Distribution factors to consider

YouTube is still the elephant in the room. Streaming services like Netflix aside, when viewers want to watch video content, YouTube is likely where they wind up. Not only is it designed specifically for video, it’s also a primary search engine. Brands, however, do have other considerations when it comes to hosting content there.

First is the sea of competition. It’s tough to stand out. For that reason, it’s best to cross-post to your own website to boost awareness. Second is that you don’t want competitive advertising to appear on your videos. Set up an AdSense account to manage those preferences. Third is to learn about your audience. Keep a close eye on your metrics. In the short term, don’t worry about views, but pay attention to time spent. If it’s high, keep doing what you’re doing. If not, adjust your approach.

This is going to sound counterintuitive, but social media is still your friend. Digging further into the distribution piece, you’ll want to share social cutdowns, or very short snippets of your video, on (yes) Facebook and Instagram that link to the full video elsewhere. Snapchat and TikTok are better served with native video, produced specifically for those channels.

As a further brand extension you might also want to consider live social broadcasting on Facebook, Instagram or LinkedIn, where it’s relatively simple to engage audiences in real-time conversations around topics of brand expertise. You can also record and share those discussions off platform.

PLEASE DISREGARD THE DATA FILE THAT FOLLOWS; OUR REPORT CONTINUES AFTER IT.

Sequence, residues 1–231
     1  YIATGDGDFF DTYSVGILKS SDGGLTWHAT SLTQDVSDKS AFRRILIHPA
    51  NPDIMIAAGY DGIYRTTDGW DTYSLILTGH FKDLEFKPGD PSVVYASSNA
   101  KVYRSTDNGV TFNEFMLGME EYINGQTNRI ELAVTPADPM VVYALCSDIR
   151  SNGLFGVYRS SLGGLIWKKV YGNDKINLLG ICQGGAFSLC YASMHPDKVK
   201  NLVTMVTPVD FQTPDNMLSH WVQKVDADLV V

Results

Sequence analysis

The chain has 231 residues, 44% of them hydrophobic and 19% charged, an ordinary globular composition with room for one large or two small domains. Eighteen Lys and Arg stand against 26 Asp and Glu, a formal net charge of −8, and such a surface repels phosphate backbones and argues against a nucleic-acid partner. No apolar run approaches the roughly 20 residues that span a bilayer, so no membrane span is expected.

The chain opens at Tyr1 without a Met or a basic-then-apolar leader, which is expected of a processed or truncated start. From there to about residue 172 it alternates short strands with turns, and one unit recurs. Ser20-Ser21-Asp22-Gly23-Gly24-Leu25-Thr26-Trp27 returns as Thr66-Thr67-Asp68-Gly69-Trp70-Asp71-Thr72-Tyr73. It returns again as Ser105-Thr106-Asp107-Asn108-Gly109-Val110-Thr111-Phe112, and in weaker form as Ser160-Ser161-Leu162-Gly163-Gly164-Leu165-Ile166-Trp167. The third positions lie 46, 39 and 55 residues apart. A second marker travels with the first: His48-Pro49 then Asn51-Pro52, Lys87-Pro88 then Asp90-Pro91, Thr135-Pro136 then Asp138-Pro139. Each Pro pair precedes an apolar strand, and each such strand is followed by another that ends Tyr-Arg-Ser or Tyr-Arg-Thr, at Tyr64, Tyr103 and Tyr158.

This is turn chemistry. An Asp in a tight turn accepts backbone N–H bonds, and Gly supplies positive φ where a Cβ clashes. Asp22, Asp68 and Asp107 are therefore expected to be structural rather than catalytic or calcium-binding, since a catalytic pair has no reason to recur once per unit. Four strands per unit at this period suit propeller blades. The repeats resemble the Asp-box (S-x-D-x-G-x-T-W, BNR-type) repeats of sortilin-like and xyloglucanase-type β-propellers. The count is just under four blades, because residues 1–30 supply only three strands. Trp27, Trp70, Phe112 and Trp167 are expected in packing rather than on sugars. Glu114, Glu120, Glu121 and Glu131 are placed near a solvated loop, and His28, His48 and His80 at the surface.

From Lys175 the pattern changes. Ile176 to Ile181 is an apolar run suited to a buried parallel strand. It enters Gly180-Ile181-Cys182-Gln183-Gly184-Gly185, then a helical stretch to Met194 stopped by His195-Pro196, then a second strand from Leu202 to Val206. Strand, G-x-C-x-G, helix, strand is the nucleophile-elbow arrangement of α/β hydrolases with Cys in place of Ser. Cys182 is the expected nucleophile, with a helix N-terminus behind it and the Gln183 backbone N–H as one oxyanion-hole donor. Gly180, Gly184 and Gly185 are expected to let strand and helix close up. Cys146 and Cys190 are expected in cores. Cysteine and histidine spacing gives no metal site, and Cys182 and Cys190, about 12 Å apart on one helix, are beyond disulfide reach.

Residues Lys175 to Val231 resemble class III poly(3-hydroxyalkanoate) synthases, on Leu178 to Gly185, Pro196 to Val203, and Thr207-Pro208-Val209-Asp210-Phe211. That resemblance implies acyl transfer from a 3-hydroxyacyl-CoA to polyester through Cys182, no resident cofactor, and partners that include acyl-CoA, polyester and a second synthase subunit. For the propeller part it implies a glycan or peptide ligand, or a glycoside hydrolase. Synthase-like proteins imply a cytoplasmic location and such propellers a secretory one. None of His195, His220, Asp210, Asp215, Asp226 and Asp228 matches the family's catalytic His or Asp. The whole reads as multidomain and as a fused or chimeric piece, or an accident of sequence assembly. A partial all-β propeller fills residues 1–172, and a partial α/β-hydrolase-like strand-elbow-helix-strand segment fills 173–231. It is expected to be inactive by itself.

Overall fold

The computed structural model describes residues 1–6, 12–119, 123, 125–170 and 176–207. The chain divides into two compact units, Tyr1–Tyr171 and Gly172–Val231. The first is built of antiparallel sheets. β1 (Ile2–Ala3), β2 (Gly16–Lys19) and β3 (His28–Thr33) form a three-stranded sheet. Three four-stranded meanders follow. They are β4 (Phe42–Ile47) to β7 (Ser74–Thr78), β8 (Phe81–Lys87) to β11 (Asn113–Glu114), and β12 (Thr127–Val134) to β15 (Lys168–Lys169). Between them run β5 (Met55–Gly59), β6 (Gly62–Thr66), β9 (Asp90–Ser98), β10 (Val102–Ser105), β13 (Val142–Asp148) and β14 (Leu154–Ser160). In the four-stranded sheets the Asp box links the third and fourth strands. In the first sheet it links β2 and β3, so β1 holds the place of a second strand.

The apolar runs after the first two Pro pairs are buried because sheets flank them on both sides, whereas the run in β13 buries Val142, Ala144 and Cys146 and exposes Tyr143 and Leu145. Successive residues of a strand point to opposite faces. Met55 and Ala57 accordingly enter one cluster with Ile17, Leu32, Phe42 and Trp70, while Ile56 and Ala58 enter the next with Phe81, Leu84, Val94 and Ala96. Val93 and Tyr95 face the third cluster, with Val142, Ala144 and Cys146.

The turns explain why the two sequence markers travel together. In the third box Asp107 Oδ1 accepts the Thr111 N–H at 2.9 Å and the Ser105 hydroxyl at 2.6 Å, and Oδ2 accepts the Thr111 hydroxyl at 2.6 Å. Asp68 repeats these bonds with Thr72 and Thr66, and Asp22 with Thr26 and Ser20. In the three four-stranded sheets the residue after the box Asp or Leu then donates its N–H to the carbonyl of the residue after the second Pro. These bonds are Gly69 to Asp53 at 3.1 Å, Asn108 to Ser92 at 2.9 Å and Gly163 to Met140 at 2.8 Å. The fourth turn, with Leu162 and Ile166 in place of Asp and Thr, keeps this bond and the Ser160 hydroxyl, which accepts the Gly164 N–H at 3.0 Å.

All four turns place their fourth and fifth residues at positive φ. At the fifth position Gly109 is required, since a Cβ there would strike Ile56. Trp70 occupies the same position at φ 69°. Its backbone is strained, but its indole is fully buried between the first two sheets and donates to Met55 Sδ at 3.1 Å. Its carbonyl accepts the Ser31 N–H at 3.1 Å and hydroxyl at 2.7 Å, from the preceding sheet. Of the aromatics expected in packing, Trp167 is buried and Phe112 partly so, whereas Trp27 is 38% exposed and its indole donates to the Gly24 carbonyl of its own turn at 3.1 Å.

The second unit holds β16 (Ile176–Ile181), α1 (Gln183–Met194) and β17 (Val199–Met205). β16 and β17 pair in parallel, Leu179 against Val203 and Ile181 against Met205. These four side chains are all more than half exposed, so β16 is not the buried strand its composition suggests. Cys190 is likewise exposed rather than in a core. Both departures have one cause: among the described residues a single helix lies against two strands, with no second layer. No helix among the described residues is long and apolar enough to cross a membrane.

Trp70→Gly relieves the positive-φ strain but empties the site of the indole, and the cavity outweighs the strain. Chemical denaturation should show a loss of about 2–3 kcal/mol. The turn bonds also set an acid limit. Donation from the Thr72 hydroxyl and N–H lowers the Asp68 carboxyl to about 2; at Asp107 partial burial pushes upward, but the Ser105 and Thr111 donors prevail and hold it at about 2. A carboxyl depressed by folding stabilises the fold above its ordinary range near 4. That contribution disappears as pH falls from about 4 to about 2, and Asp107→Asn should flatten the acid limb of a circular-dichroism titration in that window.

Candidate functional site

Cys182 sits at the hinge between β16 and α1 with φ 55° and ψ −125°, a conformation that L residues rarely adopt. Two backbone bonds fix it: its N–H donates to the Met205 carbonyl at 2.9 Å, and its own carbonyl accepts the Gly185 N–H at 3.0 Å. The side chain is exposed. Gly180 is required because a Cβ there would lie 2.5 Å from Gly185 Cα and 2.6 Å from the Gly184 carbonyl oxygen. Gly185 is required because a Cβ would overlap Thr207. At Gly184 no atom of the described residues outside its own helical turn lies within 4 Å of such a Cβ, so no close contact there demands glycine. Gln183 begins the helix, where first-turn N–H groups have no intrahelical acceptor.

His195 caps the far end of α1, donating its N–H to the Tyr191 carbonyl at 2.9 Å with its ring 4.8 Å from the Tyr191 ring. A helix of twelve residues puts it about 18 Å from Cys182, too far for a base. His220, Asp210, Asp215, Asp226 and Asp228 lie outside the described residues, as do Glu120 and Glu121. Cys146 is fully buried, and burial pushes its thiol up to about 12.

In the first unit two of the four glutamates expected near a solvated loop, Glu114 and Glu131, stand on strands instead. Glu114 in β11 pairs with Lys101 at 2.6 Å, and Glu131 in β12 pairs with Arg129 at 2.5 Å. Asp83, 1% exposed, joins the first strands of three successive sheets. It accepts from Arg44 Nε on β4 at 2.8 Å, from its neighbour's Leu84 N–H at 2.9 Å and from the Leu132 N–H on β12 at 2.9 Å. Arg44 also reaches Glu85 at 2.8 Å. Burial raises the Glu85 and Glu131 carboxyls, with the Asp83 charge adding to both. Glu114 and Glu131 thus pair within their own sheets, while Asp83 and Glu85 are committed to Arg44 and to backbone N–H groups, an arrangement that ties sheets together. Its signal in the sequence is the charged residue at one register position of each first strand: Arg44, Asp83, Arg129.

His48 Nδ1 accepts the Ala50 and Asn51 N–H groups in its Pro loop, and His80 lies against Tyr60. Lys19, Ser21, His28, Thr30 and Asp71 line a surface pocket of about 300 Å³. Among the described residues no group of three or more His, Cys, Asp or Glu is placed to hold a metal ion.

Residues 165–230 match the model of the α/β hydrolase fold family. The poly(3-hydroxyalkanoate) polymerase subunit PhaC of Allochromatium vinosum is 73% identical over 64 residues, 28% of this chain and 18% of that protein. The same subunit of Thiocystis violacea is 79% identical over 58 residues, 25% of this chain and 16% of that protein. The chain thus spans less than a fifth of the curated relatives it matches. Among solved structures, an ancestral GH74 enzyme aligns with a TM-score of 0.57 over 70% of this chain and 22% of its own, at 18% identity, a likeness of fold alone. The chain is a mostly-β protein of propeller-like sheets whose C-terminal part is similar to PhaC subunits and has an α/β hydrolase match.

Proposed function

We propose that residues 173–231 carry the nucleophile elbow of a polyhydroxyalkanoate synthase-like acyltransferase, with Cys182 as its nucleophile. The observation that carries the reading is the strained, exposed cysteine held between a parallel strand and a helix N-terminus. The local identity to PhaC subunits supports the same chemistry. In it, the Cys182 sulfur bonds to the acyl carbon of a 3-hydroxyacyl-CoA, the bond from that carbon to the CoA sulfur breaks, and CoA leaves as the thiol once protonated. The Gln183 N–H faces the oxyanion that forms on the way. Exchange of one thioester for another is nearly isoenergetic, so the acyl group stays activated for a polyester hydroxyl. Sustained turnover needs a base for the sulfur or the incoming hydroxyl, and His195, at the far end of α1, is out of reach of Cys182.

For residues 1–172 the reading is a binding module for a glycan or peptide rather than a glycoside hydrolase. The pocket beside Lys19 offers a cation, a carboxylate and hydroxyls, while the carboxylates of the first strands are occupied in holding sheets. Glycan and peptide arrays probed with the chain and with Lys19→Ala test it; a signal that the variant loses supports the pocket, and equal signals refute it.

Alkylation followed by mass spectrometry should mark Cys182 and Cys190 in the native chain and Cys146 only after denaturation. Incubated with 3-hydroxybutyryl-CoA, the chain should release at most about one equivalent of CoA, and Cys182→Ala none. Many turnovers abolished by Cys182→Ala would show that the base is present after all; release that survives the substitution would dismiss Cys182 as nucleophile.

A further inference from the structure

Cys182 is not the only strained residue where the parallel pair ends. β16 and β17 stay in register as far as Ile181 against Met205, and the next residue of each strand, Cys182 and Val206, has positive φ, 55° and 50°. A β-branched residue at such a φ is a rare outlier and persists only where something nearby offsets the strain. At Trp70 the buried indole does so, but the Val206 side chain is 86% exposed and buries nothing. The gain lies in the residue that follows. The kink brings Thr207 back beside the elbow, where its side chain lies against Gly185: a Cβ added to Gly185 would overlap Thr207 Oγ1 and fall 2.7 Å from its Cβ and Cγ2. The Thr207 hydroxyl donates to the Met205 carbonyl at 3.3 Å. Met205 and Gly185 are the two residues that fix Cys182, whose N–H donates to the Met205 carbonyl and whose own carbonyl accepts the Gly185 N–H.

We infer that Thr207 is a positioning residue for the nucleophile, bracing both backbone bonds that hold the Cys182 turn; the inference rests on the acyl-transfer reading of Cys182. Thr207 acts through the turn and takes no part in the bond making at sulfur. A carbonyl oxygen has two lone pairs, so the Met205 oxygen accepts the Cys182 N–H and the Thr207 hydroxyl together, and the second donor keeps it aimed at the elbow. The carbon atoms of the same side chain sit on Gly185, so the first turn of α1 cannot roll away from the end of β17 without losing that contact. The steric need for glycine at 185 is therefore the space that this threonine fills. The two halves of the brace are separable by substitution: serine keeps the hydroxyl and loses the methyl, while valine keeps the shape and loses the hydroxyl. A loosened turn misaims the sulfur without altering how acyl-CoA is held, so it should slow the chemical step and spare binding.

Get creative. The Globe and Mail is a content platform, but the bulk of its storytelling is packaged in a text-and-photo format. Those stories can be used as vehicles to ‘sell’ video by embedding it within contextually related material. It adds depth and promotes engagement. How can you repurpose your video work by peppering it across other media?

Length: The final frontier

A lot of ink has been spilled on this and there’s really no right answer, other than “it depends.” Short form video continues to reign supreme, but how short is platform dependent.

With TikTok emerging as the dominant social video channel, 60 seconds or less is required, which should be standard on social media. For most brand initiatives, I’d recommend trying to fall between two and three minutes (in fact, TikTok has started testing three-minute lengths with some top creators).

Beyond the four- to five-minute mark I’d argue you’re moving into digital mini-doc territory and that’s a whole other kettle of fish. One step at a time.

Sean Stanleigh heads up the Globe Content Studio, the content-marketing division of The Globe and Mail, elevating brands and driving their business results through premium, journalistic-style storytelling. The team of content strategists, designers, video and podcast producers also have expertise in research, data analysis, social media and influencer campaigns. Contact GCS@globeandmail.com for more info.